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Progesterone cream during perimenopause

(11 Posts)
Butterbean17 Mon 12-Mar-18 14:44:56

How do you use progesterone cream?
My estrogen levels are still high (I’m 41) so I’ve been advised to take progesterone tablets or cream.
I’ve bought the cream. How did you use it to specifically help with perimenopause symptoms (anxiety, sadness, brain fog)?
Should I apply it every day or just certainly days of the month?
I get terribly down and anxious for the first 2-3 weeks of my cycle (not leaving much room for the good times!). So I’m really hoping this progesterone works. I’ve been reading great things about it so I’m trying to be hopeful.

PollyPerky Mon 12-Mar-18 15:46:12

What kind of specialist did you see and why did they suggest this?
What did you buy? Is it on prescription?

Butterbean17 Tue 13-Mar-18 04:25:53

It was a gynecologist that I saw in Dubai where I live. I bought Source natural progesterone cream from a pharmacy. I was prescribed tablets but she said if I could find the cream (it is often unavailable here) then I should use that.

Butterbean17 Tue 13-Mar-18 04:27:58

She did a blood test and also an ultrasound of my ovaries.

PollyPerky Tue 13-Mar-18 08:47:25

This is not a common way to to treat peri in the UK.

The reason is that normally, we'd not have progesterone in our bodies anyway except for the 10 days or so after ovulation .
The symptoms of peri are caused by lack of estrogen due to non-ovulatory cycles.

What are you hoping to improve with progesterone?

For most women, progesterone is the 'downer' hormone which causes tiredness, mood swings, feeling low. Adding more only makes this worse. In combined systemic HRT, it's the progesterone part that most women hate because they get all the PMS symptoms.

The only women I've known who were prescribed progesterone during peri had erratic bleeding (spotting) and used the mini Pill (POP) Norethisterone to help control their cycles and stop the spotting.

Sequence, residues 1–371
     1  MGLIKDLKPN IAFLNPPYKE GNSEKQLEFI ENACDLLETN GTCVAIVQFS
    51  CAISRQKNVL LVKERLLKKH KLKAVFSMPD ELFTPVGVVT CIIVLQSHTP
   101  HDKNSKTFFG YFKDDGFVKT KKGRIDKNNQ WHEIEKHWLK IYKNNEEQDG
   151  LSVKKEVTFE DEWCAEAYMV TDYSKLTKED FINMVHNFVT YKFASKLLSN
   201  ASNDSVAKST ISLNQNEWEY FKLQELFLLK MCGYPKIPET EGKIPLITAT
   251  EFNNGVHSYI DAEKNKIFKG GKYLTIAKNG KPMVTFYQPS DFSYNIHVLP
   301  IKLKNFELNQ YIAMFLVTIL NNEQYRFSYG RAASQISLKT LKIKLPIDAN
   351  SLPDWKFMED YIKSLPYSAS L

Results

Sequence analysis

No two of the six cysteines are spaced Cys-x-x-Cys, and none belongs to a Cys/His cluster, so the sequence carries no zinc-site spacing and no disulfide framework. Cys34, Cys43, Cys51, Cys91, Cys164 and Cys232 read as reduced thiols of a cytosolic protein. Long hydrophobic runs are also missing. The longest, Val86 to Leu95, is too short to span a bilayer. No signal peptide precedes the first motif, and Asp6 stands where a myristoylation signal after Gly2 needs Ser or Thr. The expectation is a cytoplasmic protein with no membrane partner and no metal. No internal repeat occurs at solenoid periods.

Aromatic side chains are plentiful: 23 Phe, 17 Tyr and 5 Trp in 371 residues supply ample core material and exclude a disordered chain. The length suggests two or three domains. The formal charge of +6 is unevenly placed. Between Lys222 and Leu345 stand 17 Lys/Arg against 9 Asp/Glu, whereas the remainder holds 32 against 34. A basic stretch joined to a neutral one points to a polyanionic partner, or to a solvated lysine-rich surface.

There is also a lot of argument over whether progesterone cream can actually be absorbed and used in the body through a cream.

Be interesting to see how you feel on it.

Butterbean17 Tue 13-Mar-18 13:30:54

I think it’s because my estrogen is still very high which I’ve heard can be the cause of lots of peri symptoms - estrogen dominance.
Low progesterone can cause anxiety too. I’ve heard of a lot of people who have had relief from using progesterone cream.
My gynecologist said it was a calming hormone.
I suppose it depends on getting the balance right.
We shall see but I have to be hopeful.

PollyPerky Tue 13-Mar-18 13:51:17

There is no such thing as estrogen dominance. This has been discussed loads of times on meno forums. It was a marketing ploy by Dr John Lee (now deceased) to try to sell progesterone cream. If you google estrogen dominance there is stuff online .

When women use HRT it's the extra estrogen that makes them feel good. The progesterone is a PITA to be honest as it's what gives us PMS, moods, feeling tired. Yes it can be sedating, but you would need huge amounts like the amount women have when pregnant.

I'm sorry- this is not a criticism of you but having been on meno forums for about 10 years I've read this so often and I'm far from the only one pointing this out. Go to Menopause Matters website /forum and ask there too if you want further info.

Butterbean17 Tue 13-Mar-18 14:22:51

Doesn’t the mirena coil ease symptoms of peri because it releases progesterone?

I just want to feel better. And I know I feel much better after ovulation up until a couple of days after my period when I crash.
I’ve no idea what to do really.

PollyPerky Tue 13-Mar-18 14:45:48

The Mirena releases a synthetic progesterone into the uterus to 'offset' the action of estrogen which builds up the lining; you might know that if this carries on without progesterone it overgrows and can lead to cancerous changes.
A tiny amount gets into the blood stream and some women who give up on the Mirena do so because they don't like the side effects which can be acne, weight gain and depression.

To be honest it doesn't sound as if you are in peri at all. 41 is very young for peri really nowadays. Average age of meno is 51 and although things can start to fall before then for a few years, the main and earliest sign is missed periods or longer /shorter cycles.

Did your dr test you on days 2-5 of a cycle over 2 separate months- your FSH levels and your estrogen levels?

How do you feel generally?

Butterbean17 Tue 13-Mar-18 14:55:43

Estrogen was 100
FSH 16.5

Butterbean17 Tue 13-Mar-18 15:03:48

I’m feeling anxious but don’t know if that’s due to general stress or hormones.
I get so low and then feel so much better after ovulation so was wondering what it was causing it as PMT is usually the other way around and ends at your period. That’s when my problems begin!
I’m taking St. John’s wort to see if that helps.
I certainly don’t want to take progesterone if it’s only going to make me worse!
I’ve heard some women on this forum saying it changed their life tough!!

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